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2020 SHED Report Offers Glimpse of Gig Work During the Pandemic

The Federal Reserve Board’s eighth annual Survey of Household Economics and Decisionmaking (SHED) report was released on May 17, 2021, making it one of the first long-standing surveys to provide information on gig work during the pandemic. As it had in previous years, the report includes insights on the gig economy, including who participates in gig work, what kinds of gig activities people engage in, and how gig work serves as a source of income. Findings are from over 11,000 adults surveyed in November 2020 to measure aspects of economic well-being and financial life in the United States.

Due to the effects of the pandemic, 2020 saw record high levels of unemployment across all major industries in every state in the U.S. Despite reports of the gig economy serving as a source of income for those who lost jobs, the percentage of adults who engaged in part-time or full-time gig work actually decreased by 4 percentage points in 2020, compared to 2019 SHED findings. During the year of the pandemic,  27 percent of adults surveyed spent a few hours a month engaging in gig work, while just 8 percent engaged in “full-time” gig work (more than 20 hours a month).

A number of reasons could account for this trend, such as concerns over physical proximity required of certain gig activities, time constraints due to increased care responsibilities, or declines in labor demand for certain sectors of gig work. SHED data on earnings and hours in the gig economy suggest that some gigs dried up while others provided new opportunities during the pandemic, mirroring the broader labor market. Thirty percent of gig workers reported that they earned less money from and spent less time on gig work in the last month, compared to findings from the year prior. On the other hand, 25 percent of workers said they were earning more money and spending more time on gig work during the same timeframe. Like the rest of the economy, the gig economy experienced worsened inequalities among workers.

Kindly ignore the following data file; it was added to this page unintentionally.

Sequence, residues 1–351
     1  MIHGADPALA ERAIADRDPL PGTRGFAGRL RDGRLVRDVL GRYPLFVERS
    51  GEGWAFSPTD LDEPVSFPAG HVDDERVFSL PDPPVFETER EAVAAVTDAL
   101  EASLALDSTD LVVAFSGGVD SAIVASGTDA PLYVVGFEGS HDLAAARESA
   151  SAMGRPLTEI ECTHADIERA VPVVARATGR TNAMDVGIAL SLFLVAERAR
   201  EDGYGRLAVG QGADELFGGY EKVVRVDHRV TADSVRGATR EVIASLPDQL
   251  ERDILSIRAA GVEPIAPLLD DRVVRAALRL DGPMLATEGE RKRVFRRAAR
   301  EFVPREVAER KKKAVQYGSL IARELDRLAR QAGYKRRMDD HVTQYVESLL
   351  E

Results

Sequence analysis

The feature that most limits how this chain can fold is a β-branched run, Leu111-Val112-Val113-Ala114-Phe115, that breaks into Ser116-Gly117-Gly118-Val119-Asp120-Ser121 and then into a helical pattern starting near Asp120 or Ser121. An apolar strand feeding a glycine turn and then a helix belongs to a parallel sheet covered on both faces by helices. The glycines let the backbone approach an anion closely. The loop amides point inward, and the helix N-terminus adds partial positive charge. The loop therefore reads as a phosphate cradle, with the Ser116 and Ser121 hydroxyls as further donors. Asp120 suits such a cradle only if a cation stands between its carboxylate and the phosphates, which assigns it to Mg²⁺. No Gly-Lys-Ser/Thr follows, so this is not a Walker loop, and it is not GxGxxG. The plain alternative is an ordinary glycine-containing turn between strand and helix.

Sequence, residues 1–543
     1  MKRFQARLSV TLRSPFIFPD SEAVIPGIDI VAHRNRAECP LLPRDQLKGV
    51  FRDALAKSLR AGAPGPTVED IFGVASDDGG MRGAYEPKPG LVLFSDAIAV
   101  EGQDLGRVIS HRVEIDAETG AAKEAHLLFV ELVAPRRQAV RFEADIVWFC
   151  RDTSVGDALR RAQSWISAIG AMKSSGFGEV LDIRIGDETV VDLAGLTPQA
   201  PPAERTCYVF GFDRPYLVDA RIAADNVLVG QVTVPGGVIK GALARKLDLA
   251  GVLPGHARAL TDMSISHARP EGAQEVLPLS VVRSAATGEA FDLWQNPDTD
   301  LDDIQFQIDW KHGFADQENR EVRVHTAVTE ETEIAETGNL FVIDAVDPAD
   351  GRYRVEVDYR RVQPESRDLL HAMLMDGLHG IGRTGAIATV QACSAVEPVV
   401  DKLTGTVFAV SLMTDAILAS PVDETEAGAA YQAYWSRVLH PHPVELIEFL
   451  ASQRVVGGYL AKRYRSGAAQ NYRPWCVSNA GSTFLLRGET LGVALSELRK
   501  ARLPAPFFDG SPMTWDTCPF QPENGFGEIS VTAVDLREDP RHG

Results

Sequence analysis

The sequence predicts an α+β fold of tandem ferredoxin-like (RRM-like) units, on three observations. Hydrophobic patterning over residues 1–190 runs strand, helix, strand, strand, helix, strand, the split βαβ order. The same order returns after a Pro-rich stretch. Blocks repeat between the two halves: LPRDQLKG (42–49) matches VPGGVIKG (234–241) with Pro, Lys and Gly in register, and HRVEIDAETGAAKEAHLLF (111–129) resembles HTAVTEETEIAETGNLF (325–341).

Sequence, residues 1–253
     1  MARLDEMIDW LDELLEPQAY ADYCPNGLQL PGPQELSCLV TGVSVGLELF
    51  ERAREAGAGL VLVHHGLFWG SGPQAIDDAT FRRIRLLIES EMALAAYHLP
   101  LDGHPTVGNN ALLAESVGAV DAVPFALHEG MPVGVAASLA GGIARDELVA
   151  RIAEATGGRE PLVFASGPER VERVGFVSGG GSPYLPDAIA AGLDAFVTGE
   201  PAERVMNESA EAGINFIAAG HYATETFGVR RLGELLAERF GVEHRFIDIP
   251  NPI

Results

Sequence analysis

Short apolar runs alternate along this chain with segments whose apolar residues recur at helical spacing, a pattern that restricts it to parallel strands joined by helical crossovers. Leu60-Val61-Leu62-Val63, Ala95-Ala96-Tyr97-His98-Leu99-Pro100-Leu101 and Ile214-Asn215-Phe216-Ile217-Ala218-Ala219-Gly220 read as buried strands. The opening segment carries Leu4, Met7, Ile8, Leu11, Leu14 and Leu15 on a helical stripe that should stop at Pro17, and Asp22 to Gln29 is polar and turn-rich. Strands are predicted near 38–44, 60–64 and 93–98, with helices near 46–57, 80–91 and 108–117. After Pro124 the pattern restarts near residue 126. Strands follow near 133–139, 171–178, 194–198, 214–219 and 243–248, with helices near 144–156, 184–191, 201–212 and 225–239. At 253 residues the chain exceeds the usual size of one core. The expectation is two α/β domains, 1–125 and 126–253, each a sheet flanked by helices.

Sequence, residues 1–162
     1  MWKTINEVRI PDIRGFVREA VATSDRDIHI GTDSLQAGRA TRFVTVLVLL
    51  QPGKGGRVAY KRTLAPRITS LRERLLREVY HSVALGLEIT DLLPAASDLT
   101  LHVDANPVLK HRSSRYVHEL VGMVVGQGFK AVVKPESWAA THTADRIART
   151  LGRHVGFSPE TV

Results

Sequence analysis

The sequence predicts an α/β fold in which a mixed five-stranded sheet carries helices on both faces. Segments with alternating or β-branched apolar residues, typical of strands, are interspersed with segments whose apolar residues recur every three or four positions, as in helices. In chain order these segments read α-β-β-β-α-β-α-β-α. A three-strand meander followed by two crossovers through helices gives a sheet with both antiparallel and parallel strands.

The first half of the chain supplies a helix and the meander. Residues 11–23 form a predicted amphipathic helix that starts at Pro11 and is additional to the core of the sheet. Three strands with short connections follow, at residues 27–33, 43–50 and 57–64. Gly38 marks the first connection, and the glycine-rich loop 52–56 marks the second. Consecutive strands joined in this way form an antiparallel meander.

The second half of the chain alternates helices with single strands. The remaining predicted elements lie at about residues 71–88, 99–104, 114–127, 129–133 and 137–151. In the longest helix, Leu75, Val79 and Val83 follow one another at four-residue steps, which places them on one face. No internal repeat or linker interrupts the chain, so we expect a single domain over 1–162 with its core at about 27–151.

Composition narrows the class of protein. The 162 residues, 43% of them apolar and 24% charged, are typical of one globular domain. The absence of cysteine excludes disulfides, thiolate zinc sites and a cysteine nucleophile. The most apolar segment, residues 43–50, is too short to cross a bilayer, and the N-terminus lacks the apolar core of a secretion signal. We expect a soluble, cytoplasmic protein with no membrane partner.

In 2020, digital gig economy platform companies made frequent headlines as the battle over Prop 22 raged in California. Despite the spotlight on gig work mediated by tech companies like Uber and Lyft, the majority of gig work reflected in SHED was performed off of digital platforms in 2020. Out of all full- and part-time gig workers surveyed, only 14 percent reported having used apps or online platforms to find customers or receive payments for gig work.

A breakdown of the survey results by type of activity demonstrates the variety of the kinds of work gig work can comprise. Sixteen percent of all adults surveyed reported performing service-based gig work, and just two percent of the population engaged in driving or ride-sharing with apps like Uber or Lyft. Other service activities included house cleaning, yard work, or property maintenance; childcare or eldercare services; renting out property; and dog walking, feeding pets, or house-sitting. In addition, 13 percent of those surveyed reported engaging in gig work through sales-based activities. Respondents sold goods online, as well as in flea markets, consignment shops, and other planned events.

Though the 2020 SHED is one of the first major surveys to report on gig activities during the COVID-19 pandemic, a more comprehensive picture of the state of the gig economy will emerge as further data is released.

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